Denver mayor admits taking resource officers out of school "a mistake"

AP Photo/David Zalubowski

Back in 2020, Denver public schools removed school resource officers from all campuses, declaring that “the close proximity of law enforcement to students on campuses directly contributes to the school-to-prison pipeline.” The move in essence made social justice a higher priority for the district than student safety, but after a 17-year-old on probation for illegally possessing a gun shot two staffers during a mandated pat-down at East High School this week before later taking his own life, the city’s mayor now says the removal of SROs was the wrong decision to make. The city’s Board of Education is also reversing course, rescinding (at least temporarily) the policy that blocked police from campus.


One day after two faculty members were shot and wounded by a student at a Denver high school, the local school board voted unanimously to temporarily suspend its nearly two-year-old ban on armed guards and police officers in its schools.

“Based on the emergency situation presented by the events of March 22, 2023, the Board of Education will hereby suspend (the ban on armed officers) through June 30, 2023,” stated the motion approved by the board Thursday.

School district Superintendent Alex Marrero said Wednesday that he was “committed” to having two armed police officers stationed at East High School during school hours through the end of the academic year regardless of the official policy.

“I am willing to accept the consequences of my actions,” Marrero said in a letter to the board. He was present at Thursday’s board vote, but did not speak at the meeting.

Denver Mayor Michael Hancock indicated he wants school resource officers back in all schools.

“Removing them was a mistake,” he said in a statement on Twitter, “and we must move swiftly to correct it.”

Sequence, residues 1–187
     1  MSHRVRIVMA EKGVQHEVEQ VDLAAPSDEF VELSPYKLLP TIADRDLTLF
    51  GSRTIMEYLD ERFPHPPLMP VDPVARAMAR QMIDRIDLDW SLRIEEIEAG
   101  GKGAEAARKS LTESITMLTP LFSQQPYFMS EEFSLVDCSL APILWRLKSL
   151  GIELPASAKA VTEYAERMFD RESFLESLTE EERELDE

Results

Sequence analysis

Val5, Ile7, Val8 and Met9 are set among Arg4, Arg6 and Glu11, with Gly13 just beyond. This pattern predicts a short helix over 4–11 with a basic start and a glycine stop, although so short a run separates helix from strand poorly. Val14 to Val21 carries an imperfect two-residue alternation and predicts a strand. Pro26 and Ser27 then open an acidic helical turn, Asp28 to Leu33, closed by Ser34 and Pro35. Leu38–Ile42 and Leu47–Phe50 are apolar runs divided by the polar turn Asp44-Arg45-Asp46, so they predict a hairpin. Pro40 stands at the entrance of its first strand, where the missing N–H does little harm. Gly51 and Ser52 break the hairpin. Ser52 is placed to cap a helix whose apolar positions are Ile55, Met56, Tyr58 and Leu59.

It’s great that Hancock and others are now realizing what a dumb idea this was, but it would have been far better had the school district not adopted its woke approach to school violence in the first place. And Mayor Hancock’s Twitter feed shows he’s still pushing more bad policy in the name of student safety.


If gun control was the answer to Denver’s woes, we’d have seen evidence by now. While Hancock blames the state and federal government for failing to pass his undefined “common sense proposals”, the truth is that Colorado has passed a steady stream of gun control legislation over the past decade, only to see violent crime rates (including juvenile violent crime rates) continue to increase. Denver has a number of local gun control ordinances as well, including a ban on so-called assault weapons.

In Hancock’s view, the problem is “easy access to guns”, but firearms have always been available in this country, and in theory it should be much more difficult for a 17-year-old to get his hands on one today than at any other time in our nation’s history. But let’s also be honest here; in a nation with 400-million privately-owned firearms and the constitutionally-protected right to keep and bear them, guns aren’t going away and those willing to break the law to get ahold of one can and will be able to do so.


Rather than the Sisyphean (and flagrantly unconstitutional) task of reducing the supply of firearms, the real key is to reduce the demand for guns among those who are most likely to use them in violent crimes. The best way to do that is to ensure that there are consequences for those offenders who are most at risk of violence, but what happened when Lyle was found to be illegally possessing a handgun and “large capacity” magazine (already banned under Colorado law) two years ago? Not much of anything at all. He was kicked out of his high school but was apparently placed on probation and allowed to enroll at another Denver high school, subject to being patted down for weapons every morning by school staffers.

Lyle’s transgression shouldn’t have resulted in a life sentence, but it also shouldn’t have led to the criminal justice system shrugging its shoulders and slapping him on the wrist either. The courts absolutely sent a message to the teenager. Unfortunately it told him that what he did was no big deal.

Bringing school resource officers back to the Denver Public Schools is the right call to make, but as long as Hancock and other anti-gun politicians in Colorado believe the solution is choking off the supply of firearms by cracking down on legal gun owners instead of crippling the demand for guns among the growing number of violent criminals by ensuring there are consequences for their illegal actions the underlying problem is going to remain unaddressed.



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